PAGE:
Other challenges involved in ICT procurement include:

  • the fact that little attention is given to understanding of what citizens (end-users) need from digital and technology products or services, and focusing on overly complex technical specifications rather than outcomes (OECD, 2020[9]);

  • the use of brand names, trademarks, patents and proprietary technical specifications when purchasing ICT products restricts the ability to participate in tenders, because only certain vendors or suppliers will be in a position to provide the specific product. It also makes the public authority too dependent on a single vendor for its ICT systems, potentially reducing competition for the provision of these systems and its likelihood to be further used;

  • difficulties in price comparison (e.g. time-billed pricing, target pricing) and benchmarking;

  • limited or no interoperability between public sector ICT systems due to the lack of proper co-ordination in the planning of the different systems at the individual public agencies;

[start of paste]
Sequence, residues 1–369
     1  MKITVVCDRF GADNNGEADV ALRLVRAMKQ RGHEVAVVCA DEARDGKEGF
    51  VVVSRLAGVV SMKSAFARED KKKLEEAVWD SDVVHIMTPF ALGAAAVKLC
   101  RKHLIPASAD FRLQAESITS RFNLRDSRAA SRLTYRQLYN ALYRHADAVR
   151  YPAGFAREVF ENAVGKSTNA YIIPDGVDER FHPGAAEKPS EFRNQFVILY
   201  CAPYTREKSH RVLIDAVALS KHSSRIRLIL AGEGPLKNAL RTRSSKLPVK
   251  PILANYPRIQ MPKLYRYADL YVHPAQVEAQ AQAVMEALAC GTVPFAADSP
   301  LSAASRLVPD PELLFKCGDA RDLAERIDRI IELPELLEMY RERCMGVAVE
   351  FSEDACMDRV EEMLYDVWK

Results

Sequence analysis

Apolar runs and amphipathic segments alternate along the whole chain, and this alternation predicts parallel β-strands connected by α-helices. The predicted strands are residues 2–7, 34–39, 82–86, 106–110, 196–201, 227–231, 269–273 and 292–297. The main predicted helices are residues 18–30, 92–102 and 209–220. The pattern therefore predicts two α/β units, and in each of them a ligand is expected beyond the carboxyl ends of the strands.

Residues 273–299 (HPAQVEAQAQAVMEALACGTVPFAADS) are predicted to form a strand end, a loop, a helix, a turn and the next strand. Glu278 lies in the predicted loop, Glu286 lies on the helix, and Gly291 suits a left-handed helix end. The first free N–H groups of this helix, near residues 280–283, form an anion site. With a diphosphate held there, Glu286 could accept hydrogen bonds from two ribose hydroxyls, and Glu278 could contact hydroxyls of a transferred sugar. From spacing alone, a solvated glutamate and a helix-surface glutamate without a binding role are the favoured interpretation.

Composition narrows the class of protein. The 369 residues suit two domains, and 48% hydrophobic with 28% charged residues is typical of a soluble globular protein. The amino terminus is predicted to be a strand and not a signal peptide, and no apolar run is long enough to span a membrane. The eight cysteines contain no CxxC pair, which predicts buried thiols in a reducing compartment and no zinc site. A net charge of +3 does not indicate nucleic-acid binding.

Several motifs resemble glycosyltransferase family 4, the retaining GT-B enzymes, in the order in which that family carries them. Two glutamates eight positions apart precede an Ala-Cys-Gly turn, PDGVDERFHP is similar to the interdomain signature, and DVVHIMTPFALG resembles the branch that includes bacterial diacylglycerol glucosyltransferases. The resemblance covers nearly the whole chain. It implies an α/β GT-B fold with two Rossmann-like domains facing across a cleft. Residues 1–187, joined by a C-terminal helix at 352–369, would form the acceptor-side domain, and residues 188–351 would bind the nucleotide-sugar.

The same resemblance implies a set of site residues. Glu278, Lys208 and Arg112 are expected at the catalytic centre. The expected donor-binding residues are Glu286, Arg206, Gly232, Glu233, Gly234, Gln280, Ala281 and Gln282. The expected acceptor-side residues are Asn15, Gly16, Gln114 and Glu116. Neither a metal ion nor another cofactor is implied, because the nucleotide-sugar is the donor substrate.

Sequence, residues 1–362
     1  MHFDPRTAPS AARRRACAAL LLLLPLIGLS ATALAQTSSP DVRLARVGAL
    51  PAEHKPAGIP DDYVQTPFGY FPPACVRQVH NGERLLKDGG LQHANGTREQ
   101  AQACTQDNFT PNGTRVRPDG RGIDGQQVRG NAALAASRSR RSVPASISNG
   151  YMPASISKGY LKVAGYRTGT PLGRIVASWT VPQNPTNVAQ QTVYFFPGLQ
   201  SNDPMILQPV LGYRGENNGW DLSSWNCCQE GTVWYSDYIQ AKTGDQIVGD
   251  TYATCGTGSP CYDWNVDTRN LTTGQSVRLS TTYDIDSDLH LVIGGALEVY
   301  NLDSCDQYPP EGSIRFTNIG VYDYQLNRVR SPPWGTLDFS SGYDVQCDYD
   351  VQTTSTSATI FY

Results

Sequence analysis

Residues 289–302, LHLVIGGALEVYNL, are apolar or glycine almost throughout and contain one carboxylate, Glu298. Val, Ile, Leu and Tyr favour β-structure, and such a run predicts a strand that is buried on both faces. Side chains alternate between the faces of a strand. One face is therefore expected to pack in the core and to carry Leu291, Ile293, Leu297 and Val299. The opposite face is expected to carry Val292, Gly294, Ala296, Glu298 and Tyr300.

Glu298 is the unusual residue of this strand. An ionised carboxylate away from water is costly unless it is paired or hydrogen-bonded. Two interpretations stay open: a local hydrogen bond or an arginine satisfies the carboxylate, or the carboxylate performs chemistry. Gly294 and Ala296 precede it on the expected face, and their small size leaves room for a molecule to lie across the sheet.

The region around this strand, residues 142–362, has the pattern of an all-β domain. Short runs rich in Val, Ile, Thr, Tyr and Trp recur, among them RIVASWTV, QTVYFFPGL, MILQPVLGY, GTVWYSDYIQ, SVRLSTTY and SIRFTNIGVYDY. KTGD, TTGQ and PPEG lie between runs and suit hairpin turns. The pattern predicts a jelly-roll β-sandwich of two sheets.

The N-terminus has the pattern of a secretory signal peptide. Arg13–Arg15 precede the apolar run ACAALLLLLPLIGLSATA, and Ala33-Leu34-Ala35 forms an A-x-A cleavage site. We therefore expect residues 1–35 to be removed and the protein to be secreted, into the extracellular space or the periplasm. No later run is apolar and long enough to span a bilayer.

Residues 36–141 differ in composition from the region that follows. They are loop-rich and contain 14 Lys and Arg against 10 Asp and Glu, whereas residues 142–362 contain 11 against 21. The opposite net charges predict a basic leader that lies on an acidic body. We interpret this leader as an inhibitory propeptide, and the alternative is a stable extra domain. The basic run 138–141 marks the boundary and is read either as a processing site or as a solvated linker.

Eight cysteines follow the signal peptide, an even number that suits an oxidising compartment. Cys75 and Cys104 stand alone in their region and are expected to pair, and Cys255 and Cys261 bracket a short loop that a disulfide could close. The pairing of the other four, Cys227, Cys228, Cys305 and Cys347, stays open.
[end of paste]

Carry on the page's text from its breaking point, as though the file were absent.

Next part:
• documents that have to be archived for a long period are not stored in a standard format, limited flexibility in arrangements (“one size fits all”) and

  • privacy issues and data ownership.

Chapter 2 presents the challenges that ICT procurement faces in the Slovak Republic, and most of these challenges are largely similar to the above presented challenges in other OECD countries.

Procurement needs a new approach to account for the challenges and potential of digitalisation to create value and new service to citizens. Technological change, such as apps, cloud computing, open source software, social media, internet of things and artificial intelligence, is also changing the nature of ICT projects and how they are delivered. They are becoming less monolithic and more integrated. Using public procurement as a strategic governance tool alongside efficient governance frameworks, whole-of-government co-ordination and strengthened leadership are in the frontline for more efficient ICT procurement that can successfully deliver on the digital agenda.